With Donna the Buffalo
Sunday, January 9, 2011
Revolution, Fort Lauderdale
Rather than blowing the roof off of Revolution and drumming with primal, psychedelic fury out toward the dark corners of outer space on Sunday night, Mickey Hart and Bill Kruetzmann stuck to playing tunes, giving those who were still wobbling from Jam Cruise, and those who had stayed on land, a chance to appreciate the complex and powerful textures that the pair of Grateful Dead drummers create even within the framework of a traditional song.
The set was about an even split between Grateful Dead material and original material from the band's two singer/guitarists, Tim Bluhm of the Mother Hips and 21-year-old blues guitarist Davy Knowles.
Though the song format -- as opposed to the more trance-oriented approach the Rhythm Devils have taken in the past -- was fun at first, beginning with opener "Don't Ease Me In" and continuing with other early highlight "Brown Eyed Women," eventually the original material, which was less than exciting songwise, began to occur too often, stalling out the crowd momentum built by Dead favorites like "Cold Rain and Snow" and "Brokedown Palace." However, regardless of the song being played, the chemistry between Kreutzmann and Hart was enough to keep this reviewer in awe and feeling appreciative for the chance to share in their groove throughout the whole show.
As far as song performance from the other members of the band went, the highlight may have been "Brokedown Palace," which was sung beautifully, but not perfectly, by Bluhm. After delivering a captivating rendition of the Garcia-Hunter fan favorite, Bluhm flubbed the last lines of the song: " Fare you well/Fare you well/I love you more than words can tell." This may not have jumped out at me quite as much if I hadn't noticed two separate T-shirts with those lines written on them on my way to the bathroom, preshow.
Jamwise, the highlight was a string of songs and jamming that began with a powerful "Cold Rain and Snow," which featured the only "Drums" segment of the show (besides a teensy little one during the encore) and a strong guitar solo from Knowles. Knowles, the youngster of the group, received encouraging nods and shouts from Hart throughout the show. It was cool to see him rejoicing in the great musical feel and skill of the 21st-century kid. "Cold Rain and Snow" eventually segued like clockwork into "Cumberland Blues," which became spacy and then segued nicely into "Uncle John's Band."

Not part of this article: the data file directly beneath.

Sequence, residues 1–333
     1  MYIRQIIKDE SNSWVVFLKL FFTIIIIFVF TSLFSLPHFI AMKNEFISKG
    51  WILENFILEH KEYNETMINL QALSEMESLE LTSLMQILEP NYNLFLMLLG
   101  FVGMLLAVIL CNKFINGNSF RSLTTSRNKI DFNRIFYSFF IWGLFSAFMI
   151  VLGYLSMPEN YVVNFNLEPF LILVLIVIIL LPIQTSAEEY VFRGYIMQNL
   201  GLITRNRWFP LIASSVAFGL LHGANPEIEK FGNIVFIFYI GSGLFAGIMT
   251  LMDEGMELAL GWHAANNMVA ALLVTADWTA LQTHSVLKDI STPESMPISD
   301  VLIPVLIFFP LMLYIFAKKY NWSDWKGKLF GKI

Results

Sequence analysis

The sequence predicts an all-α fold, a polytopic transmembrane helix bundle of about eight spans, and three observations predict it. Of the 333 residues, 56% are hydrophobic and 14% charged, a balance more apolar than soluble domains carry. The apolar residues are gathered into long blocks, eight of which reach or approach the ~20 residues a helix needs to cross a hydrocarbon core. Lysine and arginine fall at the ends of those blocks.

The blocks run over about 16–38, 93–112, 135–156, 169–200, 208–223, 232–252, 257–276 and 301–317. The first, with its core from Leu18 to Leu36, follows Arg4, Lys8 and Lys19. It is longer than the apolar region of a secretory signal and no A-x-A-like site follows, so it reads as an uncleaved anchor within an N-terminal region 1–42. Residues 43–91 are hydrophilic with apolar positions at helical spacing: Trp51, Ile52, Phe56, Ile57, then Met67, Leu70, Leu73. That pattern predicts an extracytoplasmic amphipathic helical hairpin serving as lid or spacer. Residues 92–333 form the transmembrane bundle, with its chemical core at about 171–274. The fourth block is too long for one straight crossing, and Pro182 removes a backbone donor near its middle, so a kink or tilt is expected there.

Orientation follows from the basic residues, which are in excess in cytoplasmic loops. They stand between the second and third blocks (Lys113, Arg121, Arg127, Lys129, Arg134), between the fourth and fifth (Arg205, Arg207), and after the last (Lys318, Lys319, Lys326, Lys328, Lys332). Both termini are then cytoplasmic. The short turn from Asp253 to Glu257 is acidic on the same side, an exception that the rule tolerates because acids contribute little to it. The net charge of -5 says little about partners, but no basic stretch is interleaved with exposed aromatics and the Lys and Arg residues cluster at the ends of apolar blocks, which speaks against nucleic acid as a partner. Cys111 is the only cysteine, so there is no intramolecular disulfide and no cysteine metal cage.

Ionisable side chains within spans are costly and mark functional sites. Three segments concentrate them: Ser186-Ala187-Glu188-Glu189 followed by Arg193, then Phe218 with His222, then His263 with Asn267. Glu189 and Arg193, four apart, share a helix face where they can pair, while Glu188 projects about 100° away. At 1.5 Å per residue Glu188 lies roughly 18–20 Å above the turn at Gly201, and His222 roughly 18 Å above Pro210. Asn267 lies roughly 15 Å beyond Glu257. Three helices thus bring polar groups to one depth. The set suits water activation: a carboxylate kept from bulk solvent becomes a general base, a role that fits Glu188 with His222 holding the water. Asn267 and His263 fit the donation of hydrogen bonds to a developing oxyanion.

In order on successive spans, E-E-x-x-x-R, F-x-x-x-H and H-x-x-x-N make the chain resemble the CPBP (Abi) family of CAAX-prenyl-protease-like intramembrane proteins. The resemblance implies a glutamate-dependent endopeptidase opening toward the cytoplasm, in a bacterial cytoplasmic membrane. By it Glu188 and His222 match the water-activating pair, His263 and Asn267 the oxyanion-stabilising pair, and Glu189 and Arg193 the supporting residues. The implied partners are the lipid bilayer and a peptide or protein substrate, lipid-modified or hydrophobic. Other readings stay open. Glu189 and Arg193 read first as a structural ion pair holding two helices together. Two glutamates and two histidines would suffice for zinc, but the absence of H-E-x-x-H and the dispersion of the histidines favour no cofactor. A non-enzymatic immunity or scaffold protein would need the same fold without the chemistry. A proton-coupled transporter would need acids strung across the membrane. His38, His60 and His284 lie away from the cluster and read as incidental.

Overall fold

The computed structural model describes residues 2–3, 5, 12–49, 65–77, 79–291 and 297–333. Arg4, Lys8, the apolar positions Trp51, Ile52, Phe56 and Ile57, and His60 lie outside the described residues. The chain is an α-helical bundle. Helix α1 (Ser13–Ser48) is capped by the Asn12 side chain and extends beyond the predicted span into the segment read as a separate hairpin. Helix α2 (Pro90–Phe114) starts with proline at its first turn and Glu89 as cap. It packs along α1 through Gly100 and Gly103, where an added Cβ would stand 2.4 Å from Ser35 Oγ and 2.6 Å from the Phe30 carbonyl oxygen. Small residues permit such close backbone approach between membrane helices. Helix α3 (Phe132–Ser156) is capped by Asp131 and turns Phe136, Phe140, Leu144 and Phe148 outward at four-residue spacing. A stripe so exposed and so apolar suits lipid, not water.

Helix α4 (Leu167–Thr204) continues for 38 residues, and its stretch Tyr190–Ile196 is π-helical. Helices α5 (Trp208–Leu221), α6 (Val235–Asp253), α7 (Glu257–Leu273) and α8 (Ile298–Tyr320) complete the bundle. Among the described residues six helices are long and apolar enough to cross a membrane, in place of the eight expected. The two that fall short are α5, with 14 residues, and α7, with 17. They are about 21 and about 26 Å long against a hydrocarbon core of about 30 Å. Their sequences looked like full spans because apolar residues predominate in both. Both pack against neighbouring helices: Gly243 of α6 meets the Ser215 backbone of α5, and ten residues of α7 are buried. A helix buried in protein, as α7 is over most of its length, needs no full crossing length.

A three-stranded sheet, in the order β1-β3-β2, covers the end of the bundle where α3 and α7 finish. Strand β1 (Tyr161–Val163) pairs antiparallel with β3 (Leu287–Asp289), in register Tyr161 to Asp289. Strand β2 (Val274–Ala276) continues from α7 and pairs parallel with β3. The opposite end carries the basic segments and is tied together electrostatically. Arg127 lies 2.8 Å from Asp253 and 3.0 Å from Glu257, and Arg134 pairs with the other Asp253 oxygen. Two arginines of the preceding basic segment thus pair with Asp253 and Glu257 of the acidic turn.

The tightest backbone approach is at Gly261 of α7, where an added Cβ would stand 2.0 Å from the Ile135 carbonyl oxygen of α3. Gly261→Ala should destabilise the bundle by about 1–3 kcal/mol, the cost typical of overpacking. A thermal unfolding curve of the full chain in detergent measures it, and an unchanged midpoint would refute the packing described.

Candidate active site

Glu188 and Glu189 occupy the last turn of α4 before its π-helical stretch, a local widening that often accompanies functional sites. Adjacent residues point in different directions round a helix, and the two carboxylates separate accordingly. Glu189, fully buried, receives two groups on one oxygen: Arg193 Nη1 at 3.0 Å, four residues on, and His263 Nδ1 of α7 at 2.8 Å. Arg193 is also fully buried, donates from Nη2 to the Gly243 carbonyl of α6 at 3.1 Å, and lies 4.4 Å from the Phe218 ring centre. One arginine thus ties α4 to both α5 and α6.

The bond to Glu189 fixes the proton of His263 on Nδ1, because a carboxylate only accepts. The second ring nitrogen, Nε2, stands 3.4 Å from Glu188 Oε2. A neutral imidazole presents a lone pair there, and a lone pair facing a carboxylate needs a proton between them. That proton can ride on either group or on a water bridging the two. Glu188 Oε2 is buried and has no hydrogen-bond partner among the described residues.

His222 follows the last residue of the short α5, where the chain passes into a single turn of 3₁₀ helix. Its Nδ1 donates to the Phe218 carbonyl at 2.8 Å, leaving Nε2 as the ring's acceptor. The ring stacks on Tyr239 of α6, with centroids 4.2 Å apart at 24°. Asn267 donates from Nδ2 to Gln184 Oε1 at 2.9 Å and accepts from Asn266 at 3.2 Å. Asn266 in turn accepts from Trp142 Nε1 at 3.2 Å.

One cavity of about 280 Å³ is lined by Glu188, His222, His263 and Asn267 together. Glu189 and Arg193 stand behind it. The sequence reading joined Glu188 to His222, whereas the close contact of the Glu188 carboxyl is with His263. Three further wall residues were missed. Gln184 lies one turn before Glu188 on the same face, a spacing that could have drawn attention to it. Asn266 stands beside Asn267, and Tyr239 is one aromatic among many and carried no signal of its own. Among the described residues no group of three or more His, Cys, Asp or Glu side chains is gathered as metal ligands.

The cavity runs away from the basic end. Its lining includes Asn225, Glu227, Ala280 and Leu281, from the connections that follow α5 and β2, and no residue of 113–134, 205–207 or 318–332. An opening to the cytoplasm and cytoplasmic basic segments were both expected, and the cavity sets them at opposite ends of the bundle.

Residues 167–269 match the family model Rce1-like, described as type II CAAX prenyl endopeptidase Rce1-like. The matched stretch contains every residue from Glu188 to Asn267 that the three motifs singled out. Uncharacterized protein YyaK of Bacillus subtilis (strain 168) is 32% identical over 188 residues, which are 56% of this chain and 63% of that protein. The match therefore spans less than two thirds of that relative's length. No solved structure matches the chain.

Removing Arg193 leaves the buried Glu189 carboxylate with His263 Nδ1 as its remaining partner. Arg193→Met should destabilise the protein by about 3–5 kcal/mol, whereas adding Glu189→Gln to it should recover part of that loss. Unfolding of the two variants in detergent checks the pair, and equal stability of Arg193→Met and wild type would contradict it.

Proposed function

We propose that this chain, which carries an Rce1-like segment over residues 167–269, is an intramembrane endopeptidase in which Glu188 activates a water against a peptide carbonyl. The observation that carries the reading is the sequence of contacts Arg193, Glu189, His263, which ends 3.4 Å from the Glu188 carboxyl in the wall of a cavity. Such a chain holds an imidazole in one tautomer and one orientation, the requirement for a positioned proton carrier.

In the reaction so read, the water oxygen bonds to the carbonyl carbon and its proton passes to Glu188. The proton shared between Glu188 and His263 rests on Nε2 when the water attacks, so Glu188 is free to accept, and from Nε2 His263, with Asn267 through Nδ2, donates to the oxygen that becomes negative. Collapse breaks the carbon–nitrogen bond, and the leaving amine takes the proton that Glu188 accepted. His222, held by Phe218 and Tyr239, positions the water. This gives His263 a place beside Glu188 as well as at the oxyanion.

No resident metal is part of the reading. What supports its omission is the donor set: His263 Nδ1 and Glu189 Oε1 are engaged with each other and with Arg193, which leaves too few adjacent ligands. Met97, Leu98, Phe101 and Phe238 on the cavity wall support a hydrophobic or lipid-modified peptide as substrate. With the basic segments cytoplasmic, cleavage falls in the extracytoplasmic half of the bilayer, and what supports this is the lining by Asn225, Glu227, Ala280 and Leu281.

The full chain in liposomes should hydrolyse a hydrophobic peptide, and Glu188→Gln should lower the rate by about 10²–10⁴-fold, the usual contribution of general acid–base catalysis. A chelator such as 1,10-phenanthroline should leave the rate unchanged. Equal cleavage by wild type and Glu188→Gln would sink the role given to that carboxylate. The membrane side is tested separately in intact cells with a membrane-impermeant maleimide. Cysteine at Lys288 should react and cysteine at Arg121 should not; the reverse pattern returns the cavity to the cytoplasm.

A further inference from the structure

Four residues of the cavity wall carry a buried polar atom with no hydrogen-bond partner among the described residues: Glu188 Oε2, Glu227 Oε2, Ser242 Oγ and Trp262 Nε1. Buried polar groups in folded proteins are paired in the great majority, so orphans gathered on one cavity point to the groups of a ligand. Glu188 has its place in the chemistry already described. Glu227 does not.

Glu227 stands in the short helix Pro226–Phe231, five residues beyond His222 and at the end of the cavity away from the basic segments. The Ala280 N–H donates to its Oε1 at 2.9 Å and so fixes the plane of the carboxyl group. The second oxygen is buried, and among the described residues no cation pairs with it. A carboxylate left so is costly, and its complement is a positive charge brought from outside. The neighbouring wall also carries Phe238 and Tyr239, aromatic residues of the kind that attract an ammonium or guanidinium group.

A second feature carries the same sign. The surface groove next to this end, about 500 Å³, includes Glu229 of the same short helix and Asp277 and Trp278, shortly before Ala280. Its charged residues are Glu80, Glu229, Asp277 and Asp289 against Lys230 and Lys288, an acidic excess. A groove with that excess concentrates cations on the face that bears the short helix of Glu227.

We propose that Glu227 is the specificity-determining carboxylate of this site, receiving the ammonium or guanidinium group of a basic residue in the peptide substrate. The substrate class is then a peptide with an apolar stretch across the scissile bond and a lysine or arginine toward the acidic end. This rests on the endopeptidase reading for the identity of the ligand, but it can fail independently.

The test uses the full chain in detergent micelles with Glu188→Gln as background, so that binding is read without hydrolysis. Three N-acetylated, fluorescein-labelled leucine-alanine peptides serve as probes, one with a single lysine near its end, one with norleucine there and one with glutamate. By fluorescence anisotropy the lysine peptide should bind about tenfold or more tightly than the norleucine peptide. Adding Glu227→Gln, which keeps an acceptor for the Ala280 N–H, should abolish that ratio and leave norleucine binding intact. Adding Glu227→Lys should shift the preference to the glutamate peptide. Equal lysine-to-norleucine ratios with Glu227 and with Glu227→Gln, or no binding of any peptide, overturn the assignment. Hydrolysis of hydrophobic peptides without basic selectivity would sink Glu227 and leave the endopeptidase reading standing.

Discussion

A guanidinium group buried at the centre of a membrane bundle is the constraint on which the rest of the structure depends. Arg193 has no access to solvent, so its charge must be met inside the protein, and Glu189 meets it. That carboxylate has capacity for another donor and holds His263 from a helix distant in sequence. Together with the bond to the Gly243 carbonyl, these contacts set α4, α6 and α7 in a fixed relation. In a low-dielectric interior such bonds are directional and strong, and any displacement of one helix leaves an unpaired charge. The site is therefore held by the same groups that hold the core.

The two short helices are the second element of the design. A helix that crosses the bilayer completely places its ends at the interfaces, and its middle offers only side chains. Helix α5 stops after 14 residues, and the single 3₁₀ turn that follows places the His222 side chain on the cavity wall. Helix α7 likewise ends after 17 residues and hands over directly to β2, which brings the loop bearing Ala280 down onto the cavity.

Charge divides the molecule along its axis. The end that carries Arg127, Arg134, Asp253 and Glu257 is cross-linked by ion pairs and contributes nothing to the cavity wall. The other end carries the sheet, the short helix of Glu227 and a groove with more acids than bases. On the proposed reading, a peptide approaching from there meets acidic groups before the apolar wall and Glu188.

In all, the band stuck mostly to the Americana side of the Grateful Dead catalog, which was neat to see and hear, but no doubt left everyone a little bit hungry for some deeper jams. The originals played were good enough, but there were just too many of them. If the ratio had favored Dead songs a bit more, the show wouldn't have had the slack spots that it did. As a whole, the show was a great occasion for checking out one of the great drumming duos of all time, singing along to a few favorites, and getting a taste for a couple of solid, lesser-known artists.
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The crowd: Was not as thick to begin with as it was during Bob Weir's Jam Cruise kickoff, and it thinned out as the show went on.
Random detail: Within about 15 minutes, two women passed out cold in my general vicinity. Could they not handle the power of rhythm or the powerful pills?
By the way: The best seat in the house for this show may have been upstairs, behind the stage, looking at the drumming duo from behind through the windows.